Becoming independent means taking ownership of their space and belongings. Involve your child in folding and putting away clothes, show them how to make their bed, and as with all the spaces in your home, show your children that everything has a place – and cleaning up is part of learning and play.

The Montessori Kitchen

The kitchen is where family happens. It's the hub where everything is shared – from meals to the events of the day. Setting up your kitchen for your Montessori child involves making it a space where they can observe, engage, and contribute. 

Never help a child with a task at which he feels he can succeed.

Maria Montessori
Maria Montessori

Instead of play or toy-themed items, have your child use real plates and tableware. Using the same items as everyone in the family teaches them the value of the items and encourages them to take care while using, cleaning, and putting away plates, tableware, cups, and glasses.

The kitchen is a room where having furniture and seating for the child's height sometimes isn't possible. Use age-appropriate stools to bring them to counter and sink height. Being at the right height allows toddlers to observe dishes being cleaned and water being poured so they can do those activities themselves when they're able.

Booster seats and high chairs don't allow children to move freely. A child-sized chair and table lets them enjoy their meal in the same way older children and adults do at their table. The freedom to move then gives them the chance to clear their plate and tableware. 

Use the kitchen as a place for your child to explore Practical Life activities. Have a hand broom and cleaning clothes accessible for them to clean up after themselves. For snacking, provide easy access to healthy snacks and child-sized pitchers and cups so that your child can serve themselves when needed. 

The Montessori Bathroom 

Every room in your home is an opportunity for your child to learn to take care of the space and themselves. Nowhere is this more true than in the bathroom. Learning to take care of their hygiene is critical to developing a strong, independent child.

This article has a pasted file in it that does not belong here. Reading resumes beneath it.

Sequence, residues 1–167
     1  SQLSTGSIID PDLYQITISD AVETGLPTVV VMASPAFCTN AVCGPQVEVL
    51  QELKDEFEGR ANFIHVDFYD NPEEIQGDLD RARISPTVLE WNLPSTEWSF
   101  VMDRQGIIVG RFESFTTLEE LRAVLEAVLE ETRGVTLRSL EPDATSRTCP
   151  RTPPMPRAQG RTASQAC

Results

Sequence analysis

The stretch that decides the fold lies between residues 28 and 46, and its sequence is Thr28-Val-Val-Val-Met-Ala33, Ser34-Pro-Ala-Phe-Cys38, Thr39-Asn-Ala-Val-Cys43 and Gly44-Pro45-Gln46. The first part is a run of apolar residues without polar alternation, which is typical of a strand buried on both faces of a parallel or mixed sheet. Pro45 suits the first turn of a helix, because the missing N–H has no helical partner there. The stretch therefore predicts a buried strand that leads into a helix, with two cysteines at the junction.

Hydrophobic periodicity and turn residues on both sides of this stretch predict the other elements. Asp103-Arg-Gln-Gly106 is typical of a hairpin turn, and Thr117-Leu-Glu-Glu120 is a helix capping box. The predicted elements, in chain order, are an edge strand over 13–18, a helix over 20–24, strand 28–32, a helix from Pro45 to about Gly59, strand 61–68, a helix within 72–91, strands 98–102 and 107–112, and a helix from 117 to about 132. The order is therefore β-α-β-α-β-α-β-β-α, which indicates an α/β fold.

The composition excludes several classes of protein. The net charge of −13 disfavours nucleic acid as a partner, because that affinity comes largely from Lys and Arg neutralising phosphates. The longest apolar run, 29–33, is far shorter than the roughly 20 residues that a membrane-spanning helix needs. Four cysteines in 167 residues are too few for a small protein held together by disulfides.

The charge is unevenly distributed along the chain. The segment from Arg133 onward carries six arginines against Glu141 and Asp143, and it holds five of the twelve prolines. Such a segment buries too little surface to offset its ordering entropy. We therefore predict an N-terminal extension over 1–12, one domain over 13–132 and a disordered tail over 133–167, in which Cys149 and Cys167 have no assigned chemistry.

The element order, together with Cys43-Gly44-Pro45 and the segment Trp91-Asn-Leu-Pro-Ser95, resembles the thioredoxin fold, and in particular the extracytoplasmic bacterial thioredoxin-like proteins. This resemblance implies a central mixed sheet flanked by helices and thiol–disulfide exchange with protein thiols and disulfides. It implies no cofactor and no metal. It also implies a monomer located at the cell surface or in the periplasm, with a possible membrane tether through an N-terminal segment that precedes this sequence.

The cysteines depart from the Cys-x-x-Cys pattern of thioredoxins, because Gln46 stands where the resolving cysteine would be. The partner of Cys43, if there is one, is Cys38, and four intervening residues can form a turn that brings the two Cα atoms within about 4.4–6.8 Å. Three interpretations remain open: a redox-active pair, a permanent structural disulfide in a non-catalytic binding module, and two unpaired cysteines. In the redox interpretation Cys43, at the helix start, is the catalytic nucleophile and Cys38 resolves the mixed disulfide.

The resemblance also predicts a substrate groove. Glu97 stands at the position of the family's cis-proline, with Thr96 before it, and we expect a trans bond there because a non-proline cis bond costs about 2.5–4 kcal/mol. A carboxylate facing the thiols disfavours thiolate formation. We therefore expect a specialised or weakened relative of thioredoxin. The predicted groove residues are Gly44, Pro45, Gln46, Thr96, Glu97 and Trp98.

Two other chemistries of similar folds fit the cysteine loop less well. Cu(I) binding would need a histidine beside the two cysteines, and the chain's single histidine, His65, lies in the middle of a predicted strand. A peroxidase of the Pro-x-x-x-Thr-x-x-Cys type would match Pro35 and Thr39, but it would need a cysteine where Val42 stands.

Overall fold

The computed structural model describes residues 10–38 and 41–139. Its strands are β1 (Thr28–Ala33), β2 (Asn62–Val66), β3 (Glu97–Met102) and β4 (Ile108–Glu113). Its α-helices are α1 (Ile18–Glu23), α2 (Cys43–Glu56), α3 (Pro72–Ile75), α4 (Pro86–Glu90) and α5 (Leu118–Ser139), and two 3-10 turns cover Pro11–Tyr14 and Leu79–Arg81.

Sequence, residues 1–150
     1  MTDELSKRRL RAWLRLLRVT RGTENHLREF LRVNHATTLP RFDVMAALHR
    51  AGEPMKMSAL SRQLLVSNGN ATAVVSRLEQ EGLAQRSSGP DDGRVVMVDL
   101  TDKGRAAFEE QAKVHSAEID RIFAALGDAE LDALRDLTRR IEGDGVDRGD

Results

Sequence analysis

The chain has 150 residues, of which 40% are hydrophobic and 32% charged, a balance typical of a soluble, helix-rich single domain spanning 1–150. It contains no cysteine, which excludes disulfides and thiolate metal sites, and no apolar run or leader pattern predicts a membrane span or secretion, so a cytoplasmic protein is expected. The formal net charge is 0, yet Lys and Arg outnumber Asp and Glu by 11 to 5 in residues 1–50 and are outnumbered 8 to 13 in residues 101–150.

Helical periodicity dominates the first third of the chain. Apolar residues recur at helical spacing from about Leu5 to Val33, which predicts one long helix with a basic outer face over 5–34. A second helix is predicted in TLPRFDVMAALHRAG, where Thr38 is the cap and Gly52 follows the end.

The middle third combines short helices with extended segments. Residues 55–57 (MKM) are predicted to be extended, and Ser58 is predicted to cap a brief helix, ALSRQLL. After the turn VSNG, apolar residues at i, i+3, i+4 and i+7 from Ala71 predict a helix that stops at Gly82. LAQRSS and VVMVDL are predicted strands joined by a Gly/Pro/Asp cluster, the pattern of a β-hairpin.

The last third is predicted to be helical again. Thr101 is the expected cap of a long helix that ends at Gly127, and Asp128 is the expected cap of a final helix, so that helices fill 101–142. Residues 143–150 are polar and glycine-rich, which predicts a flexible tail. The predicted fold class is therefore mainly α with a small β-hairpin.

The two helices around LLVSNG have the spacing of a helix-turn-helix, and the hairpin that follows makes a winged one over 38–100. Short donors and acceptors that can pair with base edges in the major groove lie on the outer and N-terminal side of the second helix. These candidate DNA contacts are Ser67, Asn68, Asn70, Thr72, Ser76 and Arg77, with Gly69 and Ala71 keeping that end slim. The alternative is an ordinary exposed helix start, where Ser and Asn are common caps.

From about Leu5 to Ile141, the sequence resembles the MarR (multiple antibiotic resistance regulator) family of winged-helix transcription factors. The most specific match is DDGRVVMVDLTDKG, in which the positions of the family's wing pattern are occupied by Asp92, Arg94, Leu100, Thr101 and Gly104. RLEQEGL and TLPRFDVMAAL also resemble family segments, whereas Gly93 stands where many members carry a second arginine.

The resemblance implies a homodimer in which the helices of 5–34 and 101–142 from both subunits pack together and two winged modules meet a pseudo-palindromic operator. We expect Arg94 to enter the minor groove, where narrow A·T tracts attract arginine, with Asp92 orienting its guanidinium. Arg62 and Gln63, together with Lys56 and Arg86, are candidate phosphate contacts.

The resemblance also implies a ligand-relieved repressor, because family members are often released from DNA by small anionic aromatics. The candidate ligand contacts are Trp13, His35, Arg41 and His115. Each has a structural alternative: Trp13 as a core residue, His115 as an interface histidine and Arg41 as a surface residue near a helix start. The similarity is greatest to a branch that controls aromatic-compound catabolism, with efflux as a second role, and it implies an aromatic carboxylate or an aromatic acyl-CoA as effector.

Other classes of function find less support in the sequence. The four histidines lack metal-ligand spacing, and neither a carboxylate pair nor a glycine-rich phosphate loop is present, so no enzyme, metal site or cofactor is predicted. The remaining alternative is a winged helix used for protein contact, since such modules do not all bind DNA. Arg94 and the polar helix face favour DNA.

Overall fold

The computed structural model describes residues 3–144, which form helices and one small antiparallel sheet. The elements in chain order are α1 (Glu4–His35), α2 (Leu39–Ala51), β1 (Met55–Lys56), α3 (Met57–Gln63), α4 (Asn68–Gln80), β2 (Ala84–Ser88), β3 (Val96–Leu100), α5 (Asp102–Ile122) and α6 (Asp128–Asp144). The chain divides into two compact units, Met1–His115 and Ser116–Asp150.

Like your kitchen, the bathroom is a space in your home that can be adapted for your Montessori child as they grow. The bathroom is also the space where you can lead by example by brushing your teeth and washing your hands to demonstrate proper hygiene. 

Use an age-appropriate step stool so your child can easily reach the vanity on their own. There are also adapters for taps and faucets that allow your child to turn on and reach the water without potentially tipping themselves over.

The bathroom is a place for many things, but minimize the number of toys in the bathroom to reduce clutter and help your child focus on the task at hand. 

Have face clothes and cleaning clothes available so your child can tidy themselves and the bathroom.

Montessori at Home for Babies

You can bring Montessori into your home with children as young as a few months old. The first step is to create a safe environment in your home for your child. Each home is different, but these tips will help you get started. 

Put chemicals, cleaners, and other potentially toxic items on high shelves or in locked cabinets.

Check your light fixtures, electronics, and appliances for loose cords that a baby could pull down and harm themselves. Use baby-proof electric receptacle covers.

Education must begin at birth.

Maria Montessori
Maria Montessori

Moving from cribs to floor beds

Many Montessori guides encourage parents to move children as young as two months from a Moses basket or bassinette to a floor bed. One of the first lessons of independence for your child is being able to wake and explore their space independently. 

Teething and solid foods